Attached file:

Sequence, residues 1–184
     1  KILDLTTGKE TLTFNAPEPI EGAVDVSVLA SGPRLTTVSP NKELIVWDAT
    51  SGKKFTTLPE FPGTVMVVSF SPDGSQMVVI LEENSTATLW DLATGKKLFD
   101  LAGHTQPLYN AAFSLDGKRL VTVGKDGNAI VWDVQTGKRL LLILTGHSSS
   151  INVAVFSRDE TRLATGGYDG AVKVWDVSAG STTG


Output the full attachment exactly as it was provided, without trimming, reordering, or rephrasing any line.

Sequence, residues 1–184
     1  KILDLTTGKE TLTFNAPEPI EGAVDVSVLA SGPRLTTVSP NKELIVWDAT
    51  SGKKFTTLPE FPGTVMVVSF SPDGSQMVVI LEENSTATLW DLATGKKLFD
   101  LAGHTQPLYN AAFSLDGKRL VTVGKDGNAI VWDVQTGKRL LLILTGHSSS
   151  INVAVFSRDE TRLATGGYDG AVKVWDVSAG STTG